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    Chairwoman or chairperson? Depends on preference

    Janet Yellen is now the head person at the Federal Reserve. No surprise there. Her confirmation was pretty well assured. What is equally unsurprising is the question that arose: Just how will she be addressed — chair, chairwoman, chairman, or chairperson?

    This question has arisen with other high profile women. The best resolution is for the executive to express her choice and her organization to publicize it so there is no ambiguity.

    That’s exactly what the Federal Reserve did. Yellen’s preference: chair. While it’s not the most important decision she will make in her tenure, it does matter because it allows people to address her correctly from the start.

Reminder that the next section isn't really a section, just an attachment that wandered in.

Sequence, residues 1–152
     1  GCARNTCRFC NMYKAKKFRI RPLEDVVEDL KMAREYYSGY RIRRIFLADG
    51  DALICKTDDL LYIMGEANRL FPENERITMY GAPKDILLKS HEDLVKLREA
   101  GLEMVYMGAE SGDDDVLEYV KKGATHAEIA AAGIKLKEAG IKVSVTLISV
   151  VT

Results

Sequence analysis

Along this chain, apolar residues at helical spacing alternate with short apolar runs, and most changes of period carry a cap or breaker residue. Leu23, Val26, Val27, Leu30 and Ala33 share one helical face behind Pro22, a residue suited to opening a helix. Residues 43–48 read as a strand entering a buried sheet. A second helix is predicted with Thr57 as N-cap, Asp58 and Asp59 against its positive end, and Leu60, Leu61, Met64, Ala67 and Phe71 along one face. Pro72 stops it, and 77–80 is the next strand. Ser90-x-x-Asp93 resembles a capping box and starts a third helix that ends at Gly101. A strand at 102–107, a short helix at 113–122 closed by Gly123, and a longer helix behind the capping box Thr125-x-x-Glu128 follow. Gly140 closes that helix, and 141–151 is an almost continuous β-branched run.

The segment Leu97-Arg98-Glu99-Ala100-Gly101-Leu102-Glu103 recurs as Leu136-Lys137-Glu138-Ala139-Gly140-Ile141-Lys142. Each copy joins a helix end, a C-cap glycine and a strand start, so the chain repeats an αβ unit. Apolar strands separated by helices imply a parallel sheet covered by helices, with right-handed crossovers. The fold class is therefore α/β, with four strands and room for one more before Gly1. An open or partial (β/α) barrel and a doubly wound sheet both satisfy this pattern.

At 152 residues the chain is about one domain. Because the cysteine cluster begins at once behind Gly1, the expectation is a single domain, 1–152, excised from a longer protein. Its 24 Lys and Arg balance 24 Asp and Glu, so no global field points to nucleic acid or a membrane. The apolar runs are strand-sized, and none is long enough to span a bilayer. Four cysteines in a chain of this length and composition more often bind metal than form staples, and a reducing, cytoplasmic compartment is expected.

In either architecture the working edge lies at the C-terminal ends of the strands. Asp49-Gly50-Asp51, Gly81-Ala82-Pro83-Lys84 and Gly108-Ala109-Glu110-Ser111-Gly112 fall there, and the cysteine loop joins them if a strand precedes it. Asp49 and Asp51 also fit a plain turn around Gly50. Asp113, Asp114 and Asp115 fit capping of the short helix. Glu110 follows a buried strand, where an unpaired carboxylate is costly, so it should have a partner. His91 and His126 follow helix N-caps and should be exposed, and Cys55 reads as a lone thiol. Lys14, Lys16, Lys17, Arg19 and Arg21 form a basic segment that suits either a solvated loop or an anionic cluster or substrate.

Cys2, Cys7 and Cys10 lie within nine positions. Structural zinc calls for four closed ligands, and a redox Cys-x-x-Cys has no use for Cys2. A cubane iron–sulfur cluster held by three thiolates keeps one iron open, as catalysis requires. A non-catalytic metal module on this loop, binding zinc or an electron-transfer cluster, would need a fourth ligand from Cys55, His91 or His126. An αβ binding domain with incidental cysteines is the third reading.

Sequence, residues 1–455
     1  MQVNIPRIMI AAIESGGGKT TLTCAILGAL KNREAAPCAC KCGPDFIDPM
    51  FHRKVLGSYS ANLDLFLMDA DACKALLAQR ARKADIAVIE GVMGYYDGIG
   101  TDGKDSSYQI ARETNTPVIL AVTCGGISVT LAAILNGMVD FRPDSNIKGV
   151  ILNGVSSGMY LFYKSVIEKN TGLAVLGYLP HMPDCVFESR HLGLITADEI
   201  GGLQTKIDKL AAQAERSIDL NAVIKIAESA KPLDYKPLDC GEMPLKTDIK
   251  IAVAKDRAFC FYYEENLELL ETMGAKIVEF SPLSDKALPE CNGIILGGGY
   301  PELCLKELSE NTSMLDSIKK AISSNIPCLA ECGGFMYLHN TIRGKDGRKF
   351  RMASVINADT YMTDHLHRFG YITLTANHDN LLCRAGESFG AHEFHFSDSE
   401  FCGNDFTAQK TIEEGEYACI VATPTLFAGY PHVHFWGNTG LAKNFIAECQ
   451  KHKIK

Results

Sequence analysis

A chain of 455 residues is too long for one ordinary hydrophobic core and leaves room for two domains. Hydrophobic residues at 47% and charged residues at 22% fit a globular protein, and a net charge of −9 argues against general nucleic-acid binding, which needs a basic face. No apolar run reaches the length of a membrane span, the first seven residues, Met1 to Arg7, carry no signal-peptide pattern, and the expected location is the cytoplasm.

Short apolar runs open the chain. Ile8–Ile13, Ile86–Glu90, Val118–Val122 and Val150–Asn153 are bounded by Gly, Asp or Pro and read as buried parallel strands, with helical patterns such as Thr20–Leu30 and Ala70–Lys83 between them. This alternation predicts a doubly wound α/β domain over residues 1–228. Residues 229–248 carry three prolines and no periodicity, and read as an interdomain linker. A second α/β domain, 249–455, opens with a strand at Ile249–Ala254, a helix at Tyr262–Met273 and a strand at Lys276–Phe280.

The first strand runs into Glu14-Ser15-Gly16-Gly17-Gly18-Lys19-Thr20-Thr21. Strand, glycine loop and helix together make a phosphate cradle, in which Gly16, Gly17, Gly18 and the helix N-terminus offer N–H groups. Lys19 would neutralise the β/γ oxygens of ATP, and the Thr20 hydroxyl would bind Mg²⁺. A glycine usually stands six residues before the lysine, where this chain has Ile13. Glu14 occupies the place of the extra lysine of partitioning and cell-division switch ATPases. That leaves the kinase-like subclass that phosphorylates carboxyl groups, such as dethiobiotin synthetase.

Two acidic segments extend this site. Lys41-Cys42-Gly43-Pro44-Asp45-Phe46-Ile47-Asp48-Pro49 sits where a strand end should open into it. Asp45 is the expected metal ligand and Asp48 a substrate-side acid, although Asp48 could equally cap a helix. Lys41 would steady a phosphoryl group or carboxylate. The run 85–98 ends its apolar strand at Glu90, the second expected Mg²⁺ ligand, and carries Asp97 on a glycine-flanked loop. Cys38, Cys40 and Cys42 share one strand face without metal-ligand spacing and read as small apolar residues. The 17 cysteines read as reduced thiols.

As important as it was for the Fed to publicize how to refer to Yellen, it’s equally important for people writing or referring to her to get her name and title correct. People’s names and titles matter, and when they are misspelled or mispronounced people notice, and they really don’t appreciate it.

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    Recently, I came within a hair’s breadth of making just such a faux pas. I researched a blog item about Mayor Bill de Blasio of New York carefully and even included a link in my blog to a New York Daily News article about him eating pizza. Without realizing it, I misspelled his name.

    Fortunately, an editor at saw the mistake and corrected it for me. She e-mailed to let me know about the misspelling.

    So while mistakes can and do happen, take the time to find out not only how to spell a person’s name correctly, but also how to pronounce it correctly. Call the person’s office to confirm both spelling and pronunciation.

    This is particularly important when going for a job interview. If an applicant gets the interviewer’s name correct while her competition doesn’t, it will be noted. Finally, don’t automatically rely on your contact management system to have a person’s name entered correctly. Take the time to double check.

    E-mail questions about business etiquette to